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April 20th 2018

14th Annual Great Lakes Restoration Conference Request for Workshops and Field trips Now Open

The HOW Coalition’s annual Great Lakes Conference attracts more than 300 people from across the region to discuss cross-cutting and cutting edge Great Lakes issues. This year’s conference will be held at the Westin Book Cadillac Hotel in Detroit, Michigan, October 17-18, 2018.

The Coalition is looking for engaging and compelling proposals for both field trips and presentations at this year’s conference.

download the 2018 call for applications

download the 2018 field trip application

download the 2018 workshop application

  1. Field Trips: The Huron-Erie Corridor, including Lake St. Clair, the Detroit River, Western Lake Erie, and their tributaries


The Coalition is seeking fun, educational, inspiring and creative proposals for field trips in southeast Michigan to highlight restoration success stories, community projects, environmental challenges, and cultural landmarks.


  1. Workshops: Six Great Lakes Issue Areas


New this year! Multiple workshop formats. Apply for either:

  • 15 minute talk: A concise and compelling talk on one subject. Max one speaker, no powerpoint slides.
  • 60 minute workshop: Be creative with session format – host a presentation, workshop, training, input session, etc! Up to 3 speakers and one (optional) moderator.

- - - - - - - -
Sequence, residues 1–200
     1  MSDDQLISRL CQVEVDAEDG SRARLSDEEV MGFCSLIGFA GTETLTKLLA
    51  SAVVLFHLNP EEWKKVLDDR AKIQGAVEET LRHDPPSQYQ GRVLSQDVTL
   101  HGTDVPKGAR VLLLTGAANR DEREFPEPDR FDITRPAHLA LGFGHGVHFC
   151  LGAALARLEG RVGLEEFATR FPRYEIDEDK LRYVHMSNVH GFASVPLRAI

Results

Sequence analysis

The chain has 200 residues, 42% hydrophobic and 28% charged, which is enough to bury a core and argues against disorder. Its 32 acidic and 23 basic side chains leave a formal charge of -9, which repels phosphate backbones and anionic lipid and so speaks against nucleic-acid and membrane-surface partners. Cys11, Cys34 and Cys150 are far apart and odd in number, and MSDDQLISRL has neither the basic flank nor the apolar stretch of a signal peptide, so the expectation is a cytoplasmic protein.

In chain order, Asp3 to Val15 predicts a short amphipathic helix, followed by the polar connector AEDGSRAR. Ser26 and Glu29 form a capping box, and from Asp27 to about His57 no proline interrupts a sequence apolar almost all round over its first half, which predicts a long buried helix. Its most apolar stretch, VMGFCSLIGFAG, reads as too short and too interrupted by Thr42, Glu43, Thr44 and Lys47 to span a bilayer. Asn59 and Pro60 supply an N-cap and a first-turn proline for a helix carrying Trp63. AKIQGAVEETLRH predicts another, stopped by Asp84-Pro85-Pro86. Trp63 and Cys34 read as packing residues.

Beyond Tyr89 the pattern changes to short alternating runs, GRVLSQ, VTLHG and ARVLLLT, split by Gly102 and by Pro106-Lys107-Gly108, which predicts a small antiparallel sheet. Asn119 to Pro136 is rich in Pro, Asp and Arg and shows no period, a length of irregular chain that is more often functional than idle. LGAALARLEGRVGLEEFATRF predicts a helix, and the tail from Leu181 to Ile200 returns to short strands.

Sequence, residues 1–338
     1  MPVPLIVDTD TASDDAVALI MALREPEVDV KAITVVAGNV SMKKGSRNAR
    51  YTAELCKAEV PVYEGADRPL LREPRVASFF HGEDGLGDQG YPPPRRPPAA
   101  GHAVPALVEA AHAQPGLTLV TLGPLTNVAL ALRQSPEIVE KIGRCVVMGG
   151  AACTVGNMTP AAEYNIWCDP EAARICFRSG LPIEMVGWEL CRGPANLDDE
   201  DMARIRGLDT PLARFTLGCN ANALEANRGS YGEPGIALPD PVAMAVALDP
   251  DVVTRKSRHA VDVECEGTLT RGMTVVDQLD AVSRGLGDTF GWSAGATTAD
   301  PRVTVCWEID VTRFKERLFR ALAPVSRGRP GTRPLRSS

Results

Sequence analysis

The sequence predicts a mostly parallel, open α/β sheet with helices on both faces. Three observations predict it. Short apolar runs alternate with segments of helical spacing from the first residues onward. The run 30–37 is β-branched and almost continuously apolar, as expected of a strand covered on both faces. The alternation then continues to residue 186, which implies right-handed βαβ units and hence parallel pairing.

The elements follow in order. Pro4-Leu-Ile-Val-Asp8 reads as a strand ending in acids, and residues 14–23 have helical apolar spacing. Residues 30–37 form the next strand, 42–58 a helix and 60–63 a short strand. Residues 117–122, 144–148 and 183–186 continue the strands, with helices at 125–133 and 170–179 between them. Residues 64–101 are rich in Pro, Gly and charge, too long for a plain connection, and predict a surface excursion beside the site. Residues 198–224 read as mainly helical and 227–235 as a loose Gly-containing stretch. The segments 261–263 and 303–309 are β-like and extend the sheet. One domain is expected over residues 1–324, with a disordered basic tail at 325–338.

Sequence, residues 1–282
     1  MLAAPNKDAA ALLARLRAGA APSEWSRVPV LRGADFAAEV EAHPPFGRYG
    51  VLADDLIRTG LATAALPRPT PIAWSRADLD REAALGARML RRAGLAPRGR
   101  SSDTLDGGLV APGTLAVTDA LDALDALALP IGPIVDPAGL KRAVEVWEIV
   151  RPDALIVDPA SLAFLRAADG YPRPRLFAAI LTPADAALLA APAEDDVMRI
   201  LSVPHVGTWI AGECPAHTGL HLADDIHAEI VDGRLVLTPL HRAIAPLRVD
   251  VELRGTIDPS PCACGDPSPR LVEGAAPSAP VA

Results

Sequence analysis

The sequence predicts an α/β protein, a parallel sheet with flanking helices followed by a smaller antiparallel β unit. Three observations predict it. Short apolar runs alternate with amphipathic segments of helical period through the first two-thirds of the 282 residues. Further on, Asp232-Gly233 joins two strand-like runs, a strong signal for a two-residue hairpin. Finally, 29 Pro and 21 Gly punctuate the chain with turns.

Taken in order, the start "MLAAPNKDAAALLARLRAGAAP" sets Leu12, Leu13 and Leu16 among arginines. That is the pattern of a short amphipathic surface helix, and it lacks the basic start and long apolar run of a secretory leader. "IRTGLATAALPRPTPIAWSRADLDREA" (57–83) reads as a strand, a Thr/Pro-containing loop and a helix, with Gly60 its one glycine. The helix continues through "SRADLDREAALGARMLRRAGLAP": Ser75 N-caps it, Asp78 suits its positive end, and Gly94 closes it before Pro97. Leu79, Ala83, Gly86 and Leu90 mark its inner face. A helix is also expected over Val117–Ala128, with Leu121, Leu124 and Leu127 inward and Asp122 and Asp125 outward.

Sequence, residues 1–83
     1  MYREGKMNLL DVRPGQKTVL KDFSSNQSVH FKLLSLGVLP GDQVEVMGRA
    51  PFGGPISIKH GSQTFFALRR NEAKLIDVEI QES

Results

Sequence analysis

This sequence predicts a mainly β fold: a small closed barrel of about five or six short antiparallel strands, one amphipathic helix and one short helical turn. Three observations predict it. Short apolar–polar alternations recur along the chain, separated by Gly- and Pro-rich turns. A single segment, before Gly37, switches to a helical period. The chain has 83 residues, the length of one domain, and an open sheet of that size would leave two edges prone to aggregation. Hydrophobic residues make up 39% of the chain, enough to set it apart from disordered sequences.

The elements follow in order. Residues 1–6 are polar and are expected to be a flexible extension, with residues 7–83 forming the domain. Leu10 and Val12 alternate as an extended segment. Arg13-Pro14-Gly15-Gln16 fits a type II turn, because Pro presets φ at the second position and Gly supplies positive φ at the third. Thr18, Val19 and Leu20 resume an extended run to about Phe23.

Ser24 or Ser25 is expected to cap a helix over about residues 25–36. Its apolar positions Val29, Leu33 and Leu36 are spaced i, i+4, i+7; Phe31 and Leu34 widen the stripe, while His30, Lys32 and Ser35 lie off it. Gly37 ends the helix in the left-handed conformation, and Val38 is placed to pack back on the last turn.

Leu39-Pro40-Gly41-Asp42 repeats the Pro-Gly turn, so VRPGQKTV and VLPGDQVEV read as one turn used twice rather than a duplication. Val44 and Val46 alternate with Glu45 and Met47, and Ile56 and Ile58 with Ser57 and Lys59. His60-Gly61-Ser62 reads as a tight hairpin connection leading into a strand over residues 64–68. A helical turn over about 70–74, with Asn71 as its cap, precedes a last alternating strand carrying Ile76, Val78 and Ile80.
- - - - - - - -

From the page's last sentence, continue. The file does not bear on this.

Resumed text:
The Coalition is seeking innovative, creative, engaging and compelling proposals for presentations in the below categories. Preferred applications in all categories will include diverse voices, particularly from underserved communities, communities of color, environmental justice groups, business groups, agricultural producers, anglers/hunters, and Tribes/First Nations. Expanded issue area descriptions are included in the full Request for Proposals (attached).


A) National/Tribal/Regional/State/Local Great Lakes Policy Issues

Examine cutting edge policy issues that impact people and the lakes. Presentation topics might include water policy, environmental justice, urban restoration, climate change, water infrastructure, invasive species and the Great Lakes Restoration Initiative.

B) Innovative Great Lakes Restoration Success Stories

Share unique and successful restoration projects that showcase innovation and creativity. This category can also include projects that delve in to the economic benefit of restoration projects.